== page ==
Best Buy in crosshairs: Can it shift to e-commerce fast enough?

Best Buy in crosshairs: Can it shift to e-commerce fast enough?

Summary: Best Buy had a few headaches during the holiday season. Price competition was brutal and extra promotions from retailers still couldn't get tech buyers to open up their wallets.

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Best Buy's holiday same store sales were weak as the company struggled amid pricing pressure, a falloff in foot traffic as well as weak mobile sales as smartphone fatigue set in.

The company said its same store sales fell 0.8 percent for the nine weeks ended Jan. 4. Revenue for the same period was $11.45 billion, down from $11.75 billion a year ago.

Best Buy said Best Buy defended its market share with aggressive pricing---mostly to compete with traditional rivals as well as Amazon.com. But in the end, price is just table stakes. Best Buy needs to find its secret sauce. The retail industry has been a real battleground as rivals are all trying to work multichannel commerce strategies to better compete with the likes of Amazon. 

Oppenheimer analyst Brian Nagel said:

While some might view today's release as merely a 'bump in the road' for Best Buy and its turnaround, we view it as a stark reminder of the vulnerabilities in the company's business model, particularly amid heightened competition and a waning product cycle.

Also: The future of shopping: When psychology and emotion meet analytics

On a conference call with analysts Best Buy CEO Hubert Joly noted that the company had some positives:

  • The company's Net Promoter Score improved. 
  • Online sales were up 23.5 percent.
  • Ship from store e-commerce fulfillment worked well in 400 stores and now Best Buy has 1,000 stores shipping.

However, Best Buy had supply issues for key products and struggled as consumers bailed on Christmas shopping. Best Buy's challenge now is to cut costs, grow online sales---now 11.5 percent of revenue up from 9 percent a year ago---and offer better service.

bby sales 011614

 

The broader issue is that Best Buy---along with other tech retailers---are facing a few large shifts. Among the notable points from Best Buy's conference call:

  • Pricing and sales don't work if everyone is doing them. Joly said: "Our holiday revenues were negatively impacted by number one, the aggressive promotional activity in the retail industry during the holiday period, which we believe did not result in higher industry achievement and had of course a deflationary impact on our revenue."

Joly continued:

"A highly promotional environment has not lead to higher industry demand. And so, from that standpoint, you would think, consider that the promotional environment could subside rationally as we look a head. But of course, we will have to see how this plays out.

  • Smartphones weren't selling. Mobile devices were among the biggest categories competing on price. That's because there just isn't "much newness" in the category, according to Best Buy execs. As a result, mobile device makers are fighting for share too. Analysts have previously noted that Apple's iPhone inventories are up or running high exiting December and Samsung's supply of smartphones are likely to move higher amid weak demand.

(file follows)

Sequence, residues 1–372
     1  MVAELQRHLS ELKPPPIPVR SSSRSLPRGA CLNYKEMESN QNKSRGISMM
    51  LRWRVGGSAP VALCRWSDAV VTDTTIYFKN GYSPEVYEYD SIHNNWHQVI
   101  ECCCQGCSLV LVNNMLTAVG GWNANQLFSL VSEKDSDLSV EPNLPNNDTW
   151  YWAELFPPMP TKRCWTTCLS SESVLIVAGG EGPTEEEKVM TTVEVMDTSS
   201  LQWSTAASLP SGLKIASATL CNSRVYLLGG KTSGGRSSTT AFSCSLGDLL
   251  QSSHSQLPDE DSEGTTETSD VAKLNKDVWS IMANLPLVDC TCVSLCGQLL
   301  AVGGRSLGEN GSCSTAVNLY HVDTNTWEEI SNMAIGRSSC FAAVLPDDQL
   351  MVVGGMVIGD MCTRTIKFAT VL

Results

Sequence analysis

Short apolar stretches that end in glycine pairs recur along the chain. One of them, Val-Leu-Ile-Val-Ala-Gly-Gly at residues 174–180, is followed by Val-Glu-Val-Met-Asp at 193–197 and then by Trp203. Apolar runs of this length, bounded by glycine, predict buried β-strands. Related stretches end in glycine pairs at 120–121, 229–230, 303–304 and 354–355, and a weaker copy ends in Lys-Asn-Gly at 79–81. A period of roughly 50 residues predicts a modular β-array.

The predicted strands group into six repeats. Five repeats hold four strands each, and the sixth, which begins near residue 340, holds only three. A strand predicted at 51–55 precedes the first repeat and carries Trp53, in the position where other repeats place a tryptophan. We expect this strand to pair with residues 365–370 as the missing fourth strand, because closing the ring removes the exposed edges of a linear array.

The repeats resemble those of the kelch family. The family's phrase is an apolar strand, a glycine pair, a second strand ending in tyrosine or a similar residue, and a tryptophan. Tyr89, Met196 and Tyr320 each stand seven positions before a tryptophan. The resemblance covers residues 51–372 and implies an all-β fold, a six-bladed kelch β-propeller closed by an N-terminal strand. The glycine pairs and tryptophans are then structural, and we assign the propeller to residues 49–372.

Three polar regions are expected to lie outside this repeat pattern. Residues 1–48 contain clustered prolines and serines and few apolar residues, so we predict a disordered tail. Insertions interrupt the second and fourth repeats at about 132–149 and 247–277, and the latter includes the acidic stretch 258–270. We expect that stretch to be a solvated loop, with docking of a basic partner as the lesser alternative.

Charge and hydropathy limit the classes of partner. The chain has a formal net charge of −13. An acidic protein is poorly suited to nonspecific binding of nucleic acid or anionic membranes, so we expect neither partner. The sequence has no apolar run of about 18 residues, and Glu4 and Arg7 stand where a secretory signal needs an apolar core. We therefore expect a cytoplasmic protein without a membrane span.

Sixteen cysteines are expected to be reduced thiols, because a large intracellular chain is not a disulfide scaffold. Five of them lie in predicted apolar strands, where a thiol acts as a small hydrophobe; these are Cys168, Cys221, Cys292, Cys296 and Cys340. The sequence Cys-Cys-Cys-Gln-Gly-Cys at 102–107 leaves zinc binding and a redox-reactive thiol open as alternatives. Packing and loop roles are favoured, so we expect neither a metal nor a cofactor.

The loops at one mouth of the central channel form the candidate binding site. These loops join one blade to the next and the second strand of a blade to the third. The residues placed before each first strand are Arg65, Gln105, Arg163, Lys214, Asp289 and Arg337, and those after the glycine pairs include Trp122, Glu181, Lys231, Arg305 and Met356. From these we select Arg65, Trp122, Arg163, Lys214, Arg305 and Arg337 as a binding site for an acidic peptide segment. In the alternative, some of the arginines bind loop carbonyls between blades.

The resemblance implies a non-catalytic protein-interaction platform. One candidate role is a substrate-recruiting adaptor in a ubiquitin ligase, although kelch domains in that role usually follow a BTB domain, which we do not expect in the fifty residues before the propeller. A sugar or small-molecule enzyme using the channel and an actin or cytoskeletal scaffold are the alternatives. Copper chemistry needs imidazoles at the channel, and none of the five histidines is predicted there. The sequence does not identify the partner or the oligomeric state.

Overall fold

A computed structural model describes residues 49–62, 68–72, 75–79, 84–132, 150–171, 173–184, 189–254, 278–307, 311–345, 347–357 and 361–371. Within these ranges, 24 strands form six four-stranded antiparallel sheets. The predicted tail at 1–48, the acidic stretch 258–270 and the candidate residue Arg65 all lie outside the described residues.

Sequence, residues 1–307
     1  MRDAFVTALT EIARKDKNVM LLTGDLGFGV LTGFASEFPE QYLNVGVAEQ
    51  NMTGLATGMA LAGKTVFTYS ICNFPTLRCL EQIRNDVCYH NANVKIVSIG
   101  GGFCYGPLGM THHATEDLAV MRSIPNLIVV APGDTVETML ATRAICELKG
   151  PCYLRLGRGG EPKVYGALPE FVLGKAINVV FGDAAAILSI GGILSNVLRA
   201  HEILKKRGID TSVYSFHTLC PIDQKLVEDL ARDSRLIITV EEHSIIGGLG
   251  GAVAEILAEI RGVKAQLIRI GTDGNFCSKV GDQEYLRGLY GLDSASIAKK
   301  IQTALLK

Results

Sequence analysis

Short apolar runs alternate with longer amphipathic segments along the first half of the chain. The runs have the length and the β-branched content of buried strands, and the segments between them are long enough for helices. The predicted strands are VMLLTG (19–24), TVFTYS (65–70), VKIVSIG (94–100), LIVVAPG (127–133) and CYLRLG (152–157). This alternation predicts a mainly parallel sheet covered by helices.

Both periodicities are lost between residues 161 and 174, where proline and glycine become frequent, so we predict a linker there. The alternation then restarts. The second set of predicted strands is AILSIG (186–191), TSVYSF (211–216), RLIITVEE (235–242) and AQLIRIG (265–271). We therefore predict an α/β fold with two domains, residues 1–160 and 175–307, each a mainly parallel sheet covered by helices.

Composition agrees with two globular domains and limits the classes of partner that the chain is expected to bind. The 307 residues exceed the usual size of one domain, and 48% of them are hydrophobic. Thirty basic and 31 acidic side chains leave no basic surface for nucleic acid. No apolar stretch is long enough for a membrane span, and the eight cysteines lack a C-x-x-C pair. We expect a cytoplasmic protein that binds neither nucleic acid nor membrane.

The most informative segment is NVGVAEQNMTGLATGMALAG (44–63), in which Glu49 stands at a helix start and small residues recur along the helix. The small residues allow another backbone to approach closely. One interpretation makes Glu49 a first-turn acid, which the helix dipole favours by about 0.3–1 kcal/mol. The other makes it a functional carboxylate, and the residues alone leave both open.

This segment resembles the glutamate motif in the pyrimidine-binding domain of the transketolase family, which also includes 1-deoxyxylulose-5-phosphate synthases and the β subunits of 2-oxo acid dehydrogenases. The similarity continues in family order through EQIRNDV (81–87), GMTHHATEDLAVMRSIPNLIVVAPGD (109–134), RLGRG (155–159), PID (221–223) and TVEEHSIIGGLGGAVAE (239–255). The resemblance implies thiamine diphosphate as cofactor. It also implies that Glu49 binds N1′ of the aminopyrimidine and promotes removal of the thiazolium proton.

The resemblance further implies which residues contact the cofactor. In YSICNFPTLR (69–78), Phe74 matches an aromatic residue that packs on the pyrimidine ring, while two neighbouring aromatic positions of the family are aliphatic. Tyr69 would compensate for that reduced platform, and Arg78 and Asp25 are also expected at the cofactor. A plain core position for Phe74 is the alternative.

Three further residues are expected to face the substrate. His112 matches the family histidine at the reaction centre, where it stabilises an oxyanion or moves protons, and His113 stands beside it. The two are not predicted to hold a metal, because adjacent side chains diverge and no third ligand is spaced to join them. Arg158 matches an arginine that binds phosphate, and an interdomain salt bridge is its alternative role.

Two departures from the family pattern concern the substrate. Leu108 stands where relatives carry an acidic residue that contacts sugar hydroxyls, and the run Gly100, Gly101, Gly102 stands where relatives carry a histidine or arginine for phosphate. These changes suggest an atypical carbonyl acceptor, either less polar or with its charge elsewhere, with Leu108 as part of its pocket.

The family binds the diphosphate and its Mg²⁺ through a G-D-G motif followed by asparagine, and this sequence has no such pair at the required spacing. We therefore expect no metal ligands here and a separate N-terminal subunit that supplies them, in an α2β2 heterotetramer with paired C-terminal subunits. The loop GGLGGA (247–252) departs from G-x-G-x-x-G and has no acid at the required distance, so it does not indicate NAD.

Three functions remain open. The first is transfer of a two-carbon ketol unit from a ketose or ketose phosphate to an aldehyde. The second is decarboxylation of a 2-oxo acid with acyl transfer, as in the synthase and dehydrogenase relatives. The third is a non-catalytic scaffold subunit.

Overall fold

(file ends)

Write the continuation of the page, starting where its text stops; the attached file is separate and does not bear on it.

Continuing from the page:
• Best Buy can be an e-commerce player, but not fast enough. Best Buy said online sales hit $1.32 billion in the holiday season, but executives said they need to develop e-commerce more.

Topics: E-Commerce, Tech Industry

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15 comments
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  • They are lost.

    They have a business e-commerce site that I stumbled upon at Christmas looking for a specific keyboard. Best Buy for business was never mentioned on their regular consumer site. Sounds like a Microsoft?
    mlgold@...
    • ???

      "Sounds like a Microsoft?"
      William.Farrel
  • Another bad PR company

    Nobody really thinks Best Buy can survive in brick and mortar store form. People are rapidly moving towards online shopping and its because of convenience, avoiding pushy sales people and to browse for the best price. The price thing in itself pushes margins so low that a store cannot possible pay people decent wages and still provide low pricing. I like the smaller Best Buy mobile stores because people generally want their smart phone purchases to be instant gratification. So it makes sense to sell mobile in stores. The rest, is simply not viable anymore.
    JohnnyES
  • I have hated Best Buy for years, but...

    I went in this summer just to look at prices and compare features. I didn't intend to give them a dime. Thanks to some great people working the floor I bought 3 large items to the tune of ~$700, and went back a few weeks later to buy a small camera for my daughter.

    Apparently, being on the verge of bankruptcy is good for customer service! Who knew?
    mlashinsky@...
    • I have hated Best Buy

      Best Buy's return policies, treatment of customers, not stocking what is wanted, etc., are so bad that I buy my tech gear from Costco, Walmart, and Staples when I buy at stores rather than put up with Best Buy. I don't expect rock bottom pricing from Best Buy, but I do expect them to be no more than 10%-20% markup above Newegg and other large on-line firms. Best Buy never fails to show me 100% markups on out-dated merchandise. I used to go in there to waste time while my wife shopped nearby, but I can't be bothered any more.
      thinking about consequences
    • Depends on the store

      It is really hit or miss depending on the store. Once the sales people are adequately trained in a department, they are generally moved to another. The other issue is compensation for sales people. Managers push warranty sales so hard since that is how they are graded that sometimes a salesperson will intentionally sabotage a sale if the customer has hinted they don't want the extended coverage (I've worked at Best Buy and I have seen it). I have also seen customer service void warranties for minor surface scratches to a plastic piece when it was obviously an internal defect. Best Buy's days of pushing $100 HDMI cables for new TVs have seemed to have passed now that people have become wise that the $5 MonoPrice cable works just as well.

      If anyone ever asks me where they should buy any technology item (store, not web), I tell them to go to MicroCenter. In Best Buy's home turf, that place is ALWAYS packed.
      fjellt
  • The real problems.....

    First off, I refuse to shop at Best Buy anymore, due to their return policy requiring ID on ALL returns, even if you have a receipt. I personally think that is wrong and their so called secure systems that contain the information that they take down have been hacked on several occasions.

    That being said, while it's my personal reason for not shopping there, I doubt that a majority of people are thinking about the potential of identity theft from these returns.